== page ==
text and photo by Grigoris A. Miliaresis
There is something deeply satisfying in training in a classical martial art, the ones called “koryu budo” or “kobudo”. Even though (or precisely because) these schools have almost no connection whatsoever with today’s reality, there is little or no pretence about the acquisition of self defense skills applicable to modern societies and there is only a tangential relation to the much lauded “martial arts philosophy” (since basically these are schools/methods of mostly armed fighting created in a period where people actually went to war), hundreds of people continue studying them and keeping them alive.
One reason might be their inherent exoticism: the weapons are archaic and pretty basic and the training involves dressing in obscure costumes (occasionally even in full body armor), speaking in a language rarely used anymore and learning to behave in situations that history has long passed by. Or maybe it is because the absence of the sporting/competition element brings to the surface some more primal emotions –enjoying the killing/maiming another human being while avoiding get killed or maimed yourself and in the end delighting in the sheer pleasure of being alive.
Koryu training is hard work; in some respects harder than training in modern martial arts/sports. A kendoka at the end of a match is exhausted –in the way an Olympic sprinter is exhausted. And while this is no small feat, it is completely different from the exhaustion felt at the end of the performance of a set of forms between two koryu practitioners; in this case and provided that the school still trains the way it is supposed to train and not in some theatrical, fossilized and fantasy-fulfilling way (like many do even in Japan), the final bow at the end of the set means: “We killed each other but we are still alive; here’s to living one more day”.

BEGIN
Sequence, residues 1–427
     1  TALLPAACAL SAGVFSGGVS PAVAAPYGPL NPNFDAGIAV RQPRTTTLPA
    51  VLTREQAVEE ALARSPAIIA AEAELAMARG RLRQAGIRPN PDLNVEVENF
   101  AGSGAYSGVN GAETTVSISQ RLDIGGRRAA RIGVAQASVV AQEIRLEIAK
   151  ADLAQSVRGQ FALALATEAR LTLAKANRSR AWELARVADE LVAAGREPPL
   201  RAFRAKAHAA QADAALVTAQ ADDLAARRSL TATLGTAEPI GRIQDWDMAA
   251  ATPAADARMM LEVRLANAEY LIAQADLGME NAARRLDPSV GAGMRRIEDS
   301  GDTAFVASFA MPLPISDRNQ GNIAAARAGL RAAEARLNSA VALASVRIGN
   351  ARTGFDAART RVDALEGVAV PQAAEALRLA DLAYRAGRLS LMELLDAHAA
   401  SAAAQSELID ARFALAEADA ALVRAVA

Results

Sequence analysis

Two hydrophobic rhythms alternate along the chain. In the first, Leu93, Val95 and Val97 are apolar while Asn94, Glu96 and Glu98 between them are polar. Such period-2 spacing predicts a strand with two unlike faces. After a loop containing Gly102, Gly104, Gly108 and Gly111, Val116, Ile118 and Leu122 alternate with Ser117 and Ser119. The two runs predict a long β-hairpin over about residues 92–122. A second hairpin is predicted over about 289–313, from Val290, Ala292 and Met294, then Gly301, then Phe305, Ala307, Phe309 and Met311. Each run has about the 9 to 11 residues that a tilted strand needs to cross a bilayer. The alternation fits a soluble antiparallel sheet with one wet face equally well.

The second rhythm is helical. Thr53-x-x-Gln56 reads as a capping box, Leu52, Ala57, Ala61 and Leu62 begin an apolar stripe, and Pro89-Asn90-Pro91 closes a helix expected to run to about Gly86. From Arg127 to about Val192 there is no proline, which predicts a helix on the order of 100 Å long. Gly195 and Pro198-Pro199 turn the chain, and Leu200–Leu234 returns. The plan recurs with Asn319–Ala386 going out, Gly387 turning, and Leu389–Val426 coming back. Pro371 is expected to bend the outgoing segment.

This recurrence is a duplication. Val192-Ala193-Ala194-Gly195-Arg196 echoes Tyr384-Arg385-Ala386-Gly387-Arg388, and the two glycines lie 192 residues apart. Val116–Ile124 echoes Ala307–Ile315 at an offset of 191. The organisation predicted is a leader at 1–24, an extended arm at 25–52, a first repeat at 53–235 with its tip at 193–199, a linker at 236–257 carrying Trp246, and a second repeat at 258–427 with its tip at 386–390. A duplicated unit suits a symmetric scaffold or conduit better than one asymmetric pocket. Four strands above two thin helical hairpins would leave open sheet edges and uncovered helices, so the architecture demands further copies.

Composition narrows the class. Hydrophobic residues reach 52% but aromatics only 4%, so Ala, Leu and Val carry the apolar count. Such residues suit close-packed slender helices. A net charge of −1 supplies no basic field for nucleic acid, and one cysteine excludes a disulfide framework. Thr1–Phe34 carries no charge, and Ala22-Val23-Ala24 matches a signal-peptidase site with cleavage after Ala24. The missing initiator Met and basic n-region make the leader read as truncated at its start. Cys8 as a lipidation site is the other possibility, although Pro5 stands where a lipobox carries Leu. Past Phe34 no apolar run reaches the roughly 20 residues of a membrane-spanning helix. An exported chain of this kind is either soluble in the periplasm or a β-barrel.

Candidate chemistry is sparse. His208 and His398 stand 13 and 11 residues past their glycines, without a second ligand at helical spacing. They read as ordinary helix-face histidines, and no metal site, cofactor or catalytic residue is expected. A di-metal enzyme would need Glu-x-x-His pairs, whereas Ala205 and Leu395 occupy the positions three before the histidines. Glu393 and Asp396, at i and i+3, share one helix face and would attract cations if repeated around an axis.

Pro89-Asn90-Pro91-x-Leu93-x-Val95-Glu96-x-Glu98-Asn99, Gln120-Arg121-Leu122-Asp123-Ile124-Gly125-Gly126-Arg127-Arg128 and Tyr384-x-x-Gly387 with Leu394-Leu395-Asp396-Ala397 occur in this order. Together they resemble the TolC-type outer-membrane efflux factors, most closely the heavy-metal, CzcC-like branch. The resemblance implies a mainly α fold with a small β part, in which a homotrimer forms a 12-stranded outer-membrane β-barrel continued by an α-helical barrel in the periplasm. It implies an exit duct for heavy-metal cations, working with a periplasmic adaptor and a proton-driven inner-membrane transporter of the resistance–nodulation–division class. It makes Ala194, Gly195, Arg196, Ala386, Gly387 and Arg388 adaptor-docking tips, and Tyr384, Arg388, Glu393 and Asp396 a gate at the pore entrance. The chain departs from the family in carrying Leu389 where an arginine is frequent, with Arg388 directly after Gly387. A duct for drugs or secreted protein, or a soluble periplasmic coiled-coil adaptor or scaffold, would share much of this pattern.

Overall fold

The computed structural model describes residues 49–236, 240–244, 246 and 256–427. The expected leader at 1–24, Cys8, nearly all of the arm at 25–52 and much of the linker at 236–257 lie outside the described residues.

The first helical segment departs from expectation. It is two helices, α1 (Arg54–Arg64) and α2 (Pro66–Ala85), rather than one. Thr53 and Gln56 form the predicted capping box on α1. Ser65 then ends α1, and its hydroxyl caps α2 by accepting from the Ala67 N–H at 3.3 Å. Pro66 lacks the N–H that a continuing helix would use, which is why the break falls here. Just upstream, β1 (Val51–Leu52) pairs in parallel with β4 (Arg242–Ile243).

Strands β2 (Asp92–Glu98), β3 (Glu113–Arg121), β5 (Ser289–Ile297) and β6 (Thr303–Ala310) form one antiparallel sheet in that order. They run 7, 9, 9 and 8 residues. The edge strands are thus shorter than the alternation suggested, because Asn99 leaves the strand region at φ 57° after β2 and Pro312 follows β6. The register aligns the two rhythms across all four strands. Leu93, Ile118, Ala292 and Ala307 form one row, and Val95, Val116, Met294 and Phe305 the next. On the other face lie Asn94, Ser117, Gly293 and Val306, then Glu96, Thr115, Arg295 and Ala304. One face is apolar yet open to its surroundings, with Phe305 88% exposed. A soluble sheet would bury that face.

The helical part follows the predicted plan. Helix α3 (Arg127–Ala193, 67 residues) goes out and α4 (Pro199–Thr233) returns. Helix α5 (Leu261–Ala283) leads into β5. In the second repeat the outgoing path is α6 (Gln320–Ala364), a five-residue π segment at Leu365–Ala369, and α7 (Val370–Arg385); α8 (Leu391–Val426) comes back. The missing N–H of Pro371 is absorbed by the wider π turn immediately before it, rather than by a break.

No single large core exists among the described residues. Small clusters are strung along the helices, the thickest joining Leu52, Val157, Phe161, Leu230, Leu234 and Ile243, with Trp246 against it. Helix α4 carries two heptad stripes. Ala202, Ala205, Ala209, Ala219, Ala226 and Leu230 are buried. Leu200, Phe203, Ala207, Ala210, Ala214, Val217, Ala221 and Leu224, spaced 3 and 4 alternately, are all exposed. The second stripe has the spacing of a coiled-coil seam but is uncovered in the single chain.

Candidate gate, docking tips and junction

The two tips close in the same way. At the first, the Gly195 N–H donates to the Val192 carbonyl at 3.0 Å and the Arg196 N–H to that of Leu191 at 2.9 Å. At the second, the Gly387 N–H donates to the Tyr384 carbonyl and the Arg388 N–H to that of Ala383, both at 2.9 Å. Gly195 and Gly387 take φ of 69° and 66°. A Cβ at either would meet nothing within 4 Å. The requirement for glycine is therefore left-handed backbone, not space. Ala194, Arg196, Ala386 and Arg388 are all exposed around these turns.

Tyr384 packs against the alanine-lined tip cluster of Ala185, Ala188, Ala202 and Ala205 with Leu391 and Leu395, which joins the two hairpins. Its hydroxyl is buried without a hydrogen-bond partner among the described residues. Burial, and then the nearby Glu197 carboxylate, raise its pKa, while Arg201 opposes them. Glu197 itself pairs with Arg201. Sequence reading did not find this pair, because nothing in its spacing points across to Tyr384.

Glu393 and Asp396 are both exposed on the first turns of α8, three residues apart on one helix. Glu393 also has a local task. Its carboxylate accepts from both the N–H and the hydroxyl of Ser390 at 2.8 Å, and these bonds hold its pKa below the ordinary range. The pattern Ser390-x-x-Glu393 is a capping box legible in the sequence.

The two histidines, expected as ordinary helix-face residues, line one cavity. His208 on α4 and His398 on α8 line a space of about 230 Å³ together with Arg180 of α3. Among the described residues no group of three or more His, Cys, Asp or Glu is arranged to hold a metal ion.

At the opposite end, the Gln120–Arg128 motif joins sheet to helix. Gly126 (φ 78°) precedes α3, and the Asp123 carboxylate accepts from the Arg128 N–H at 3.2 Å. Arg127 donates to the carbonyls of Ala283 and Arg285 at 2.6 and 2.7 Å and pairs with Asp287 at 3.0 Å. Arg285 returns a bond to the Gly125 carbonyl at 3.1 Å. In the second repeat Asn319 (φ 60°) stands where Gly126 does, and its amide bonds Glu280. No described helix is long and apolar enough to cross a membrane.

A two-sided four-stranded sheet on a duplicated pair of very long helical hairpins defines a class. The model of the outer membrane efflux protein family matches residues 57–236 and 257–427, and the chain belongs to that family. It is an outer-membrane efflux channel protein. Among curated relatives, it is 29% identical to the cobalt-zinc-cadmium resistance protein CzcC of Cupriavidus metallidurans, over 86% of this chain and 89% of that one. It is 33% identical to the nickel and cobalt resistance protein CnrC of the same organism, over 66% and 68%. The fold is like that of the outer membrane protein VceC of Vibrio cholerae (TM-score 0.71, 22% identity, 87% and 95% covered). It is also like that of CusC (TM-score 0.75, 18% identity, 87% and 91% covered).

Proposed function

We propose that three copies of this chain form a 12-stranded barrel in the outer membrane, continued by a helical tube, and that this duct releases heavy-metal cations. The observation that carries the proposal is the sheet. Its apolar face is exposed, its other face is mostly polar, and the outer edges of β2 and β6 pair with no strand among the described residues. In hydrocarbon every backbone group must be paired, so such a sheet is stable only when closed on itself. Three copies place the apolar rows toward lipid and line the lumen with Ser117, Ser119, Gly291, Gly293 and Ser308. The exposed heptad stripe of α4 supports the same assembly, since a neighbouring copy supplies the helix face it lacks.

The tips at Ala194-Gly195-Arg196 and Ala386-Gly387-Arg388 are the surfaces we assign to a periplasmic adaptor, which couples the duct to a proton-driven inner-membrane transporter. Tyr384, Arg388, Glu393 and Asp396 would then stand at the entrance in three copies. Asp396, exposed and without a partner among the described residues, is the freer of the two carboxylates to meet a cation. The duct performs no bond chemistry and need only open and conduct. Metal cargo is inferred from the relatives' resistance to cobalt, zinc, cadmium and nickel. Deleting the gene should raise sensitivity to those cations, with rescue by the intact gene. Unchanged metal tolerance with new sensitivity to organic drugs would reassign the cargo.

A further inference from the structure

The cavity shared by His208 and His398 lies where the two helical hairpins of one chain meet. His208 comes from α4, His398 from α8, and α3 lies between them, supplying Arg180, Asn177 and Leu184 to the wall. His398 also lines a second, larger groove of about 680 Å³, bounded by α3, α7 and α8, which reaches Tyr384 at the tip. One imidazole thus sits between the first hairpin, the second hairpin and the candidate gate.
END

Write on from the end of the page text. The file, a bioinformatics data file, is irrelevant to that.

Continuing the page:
There’s a deep duality in all human beings: the need for things to change and the need for them to remain as they are and being part of a bugei ryuha, a classical martial school is a way to balance these two. Training itself is embracing change but doing it as part of a lineage that started in the Sengoku Jidai, the age of civil wars is maintaining tradition –which itself is also change, since it has been flowing constantly through the centuries.
Grigoris A. Miliaresis is a journalist and translator. He has worked for many newspapers, magazines and publishing houses and specializes in the Internet, the martial arts and Japan where he has been living for the last few years. For more information about his work and his writing, visit http://about.me/GrigorisMiliaresis and http://www.japanarekore.gr/